A brutal murder and a woman scorned - how a wife's dark secret eventually led to justice

Brian Garrity
-Credit: (Image: Lancs Police)

In November 1977, garage assistant Charles Gunn was brutally attacked with a claw hammer on the forecourt of a Lancaster filling station.

The 72-year-old war veteran worked part time at the Dutton Forshaw garage on the A6 at Beaumont, to top up his pension. Mr Gunn died in hospital on December 2, but it was another 25 years before his killer was caught and brought to justice.

Mr Gunn's death sent shockwaves through the local community. A team of 80 detectives were involved in the inquiry and more than 10,000 people were spoken to during the course of the investigation. A hammer, thought to be the murder weapon, was found in undergrowth near the scene.

Dutton Forshaw offered a £1,000 reward for anyone who could provide information to catch the killer. Detectives widened their search nationwide, but believed the person responible lived locally. More than 100 calls were made to a confidential phoneline, set up to assist the investigation, and officers took more than 3,000 statements.

Then, in 2001, a woman walked into a police station on the day of her divorce, and revealed a secret she had harboured throughout her marriage.

Charles Gunn, 72, died after being attacked with a hammer at the garage where he worked
Charles Gunn, 72, died after being attacked with a hammer at the garage where he worked -Credit:BBC

Janet Garrity was 18 at the time of the murder. As a young wife, she was pressured to provide a false alibi for her husband Brian, and told the police they had been together on the night Mr Gunn was attacked.

In truth, she had seen her husband leave their home that night, carrying her father's claw hammer. When he returned, several hours later, he was carrying a bag of money and was covered in blood. There was no sign of the hammer.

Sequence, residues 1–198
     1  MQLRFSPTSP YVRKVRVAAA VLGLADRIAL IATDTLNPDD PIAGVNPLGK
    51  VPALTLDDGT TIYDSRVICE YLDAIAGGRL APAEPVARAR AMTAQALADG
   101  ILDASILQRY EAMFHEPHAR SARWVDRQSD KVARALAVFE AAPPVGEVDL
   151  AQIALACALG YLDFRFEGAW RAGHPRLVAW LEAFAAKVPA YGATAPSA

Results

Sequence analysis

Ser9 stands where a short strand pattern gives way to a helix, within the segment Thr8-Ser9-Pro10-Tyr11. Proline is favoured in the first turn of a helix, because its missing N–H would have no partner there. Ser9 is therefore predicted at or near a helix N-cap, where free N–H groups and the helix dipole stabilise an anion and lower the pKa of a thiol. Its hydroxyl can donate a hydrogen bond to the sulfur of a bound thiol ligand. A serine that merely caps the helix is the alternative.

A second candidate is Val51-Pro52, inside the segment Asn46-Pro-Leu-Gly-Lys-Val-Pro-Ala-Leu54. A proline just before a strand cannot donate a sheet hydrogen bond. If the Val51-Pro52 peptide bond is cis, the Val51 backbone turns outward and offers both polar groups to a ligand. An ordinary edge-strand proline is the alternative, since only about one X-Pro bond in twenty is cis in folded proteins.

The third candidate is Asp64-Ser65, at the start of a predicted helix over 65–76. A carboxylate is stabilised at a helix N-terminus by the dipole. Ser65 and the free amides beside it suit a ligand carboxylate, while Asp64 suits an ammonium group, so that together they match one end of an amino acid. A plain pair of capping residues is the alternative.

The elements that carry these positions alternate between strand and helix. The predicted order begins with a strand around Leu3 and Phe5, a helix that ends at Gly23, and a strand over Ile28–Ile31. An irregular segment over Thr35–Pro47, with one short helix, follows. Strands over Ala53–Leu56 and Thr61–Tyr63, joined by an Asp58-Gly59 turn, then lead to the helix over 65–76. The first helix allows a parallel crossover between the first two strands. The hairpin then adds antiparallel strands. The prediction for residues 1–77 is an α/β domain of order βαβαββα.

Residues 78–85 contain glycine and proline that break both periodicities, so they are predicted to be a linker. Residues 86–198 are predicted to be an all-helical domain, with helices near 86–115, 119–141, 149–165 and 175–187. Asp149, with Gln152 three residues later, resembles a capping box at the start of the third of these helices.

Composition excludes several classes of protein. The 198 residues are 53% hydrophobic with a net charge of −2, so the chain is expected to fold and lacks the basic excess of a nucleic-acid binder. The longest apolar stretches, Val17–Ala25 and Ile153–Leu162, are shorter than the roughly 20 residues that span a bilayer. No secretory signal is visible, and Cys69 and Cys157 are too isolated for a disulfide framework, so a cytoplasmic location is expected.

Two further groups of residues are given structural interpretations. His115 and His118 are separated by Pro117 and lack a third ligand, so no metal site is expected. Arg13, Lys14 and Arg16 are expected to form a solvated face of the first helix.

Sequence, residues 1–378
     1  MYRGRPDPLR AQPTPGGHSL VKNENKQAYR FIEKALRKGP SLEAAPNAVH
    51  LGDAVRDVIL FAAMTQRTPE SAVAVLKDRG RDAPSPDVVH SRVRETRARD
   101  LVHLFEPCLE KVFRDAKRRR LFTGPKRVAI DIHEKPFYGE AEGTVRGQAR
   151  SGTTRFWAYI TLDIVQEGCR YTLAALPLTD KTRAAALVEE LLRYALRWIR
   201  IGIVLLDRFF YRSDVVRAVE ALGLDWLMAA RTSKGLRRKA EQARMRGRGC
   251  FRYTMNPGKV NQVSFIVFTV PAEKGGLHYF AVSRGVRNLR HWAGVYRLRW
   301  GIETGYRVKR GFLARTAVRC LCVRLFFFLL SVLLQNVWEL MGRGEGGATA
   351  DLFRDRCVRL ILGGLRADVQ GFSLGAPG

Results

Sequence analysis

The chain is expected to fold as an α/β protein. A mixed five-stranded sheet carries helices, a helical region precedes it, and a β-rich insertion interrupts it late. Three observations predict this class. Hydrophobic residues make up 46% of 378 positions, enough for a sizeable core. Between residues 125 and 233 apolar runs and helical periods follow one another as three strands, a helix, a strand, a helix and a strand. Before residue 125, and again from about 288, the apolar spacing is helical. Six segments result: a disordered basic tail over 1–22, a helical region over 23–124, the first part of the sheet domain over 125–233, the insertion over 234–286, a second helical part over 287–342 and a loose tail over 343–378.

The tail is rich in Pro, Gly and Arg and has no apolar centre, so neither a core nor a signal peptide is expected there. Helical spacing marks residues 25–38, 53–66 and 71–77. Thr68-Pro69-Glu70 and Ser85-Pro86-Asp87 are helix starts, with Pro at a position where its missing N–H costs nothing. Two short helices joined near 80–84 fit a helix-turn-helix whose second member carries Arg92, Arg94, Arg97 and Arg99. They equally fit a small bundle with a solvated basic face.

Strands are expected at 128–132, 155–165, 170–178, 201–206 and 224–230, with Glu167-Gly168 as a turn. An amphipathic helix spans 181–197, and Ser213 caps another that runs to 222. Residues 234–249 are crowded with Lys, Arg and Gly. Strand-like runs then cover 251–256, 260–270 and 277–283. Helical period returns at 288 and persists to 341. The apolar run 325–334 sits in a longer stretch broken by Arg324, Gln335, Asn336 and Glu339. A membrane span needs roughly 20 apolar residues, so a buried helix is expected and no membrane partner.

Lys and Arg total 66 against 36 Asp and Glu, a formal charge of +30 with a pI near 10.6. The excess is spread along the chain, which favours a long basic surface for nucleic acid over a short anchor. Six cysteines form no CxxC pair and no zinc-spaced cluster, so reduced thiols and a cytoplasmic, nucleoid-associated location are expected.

Advances in DNA profiling allowed detectives to forensically link Garrity to samples taken from the scene. In March 2002, 25 years after the murder, he was sentenced to life at Preston Crown Court.

During the hearing, before the Recorder of Preston Judge Peter Openshaw QC, the court heard Garrity had gone to the petrol station intending to steal money. When he arrived, the pensioner startled him, and he struck him three times to the head with the hammer.

Mr Gunn, a war veteran, was found the following morning by a cleaner. He was lying in the pouring rain on the forecourt, with injuries to his skull and jaw. He was still moving and bravely tried to get up.

Garrity, of Woodacre Road, Preston, swore his wife to secrecy but for more than two decades feared she would expose his dark secret. But when he left his wife for another woman, his fear came to fruition.

The defendant was 21 when he committed the crime. By the time he stood in the dock he was 45.

Judge Openshaw QC said: "I well remember the shock and outrage that this offence caused in Lancaster. No doubt the reason you then escaped arrest and conviction was that you attacked the only eye witness who could have described and possibly later identified you.

"The brutality and savagery of this murder have not been lessened by the passage of time. You must expect to serve very many years in prison before even being considered for release."

Speaking outside court, Janet Garrity said: "It has been on my mind for the last 20 years. I am glad to get it off my chest and now I want to get on with the rest of my life."

In a later interview with the Lancashire Evening Post, she described how her husband was a violent man who would hit her "for no reason". She said Garrity "beat her senseless to keep her quiet" and was also violent towards her mother.

On one occasion he smashed her face when she bought the wrong flavour of crisps. She had feared she may become his second victim, she said.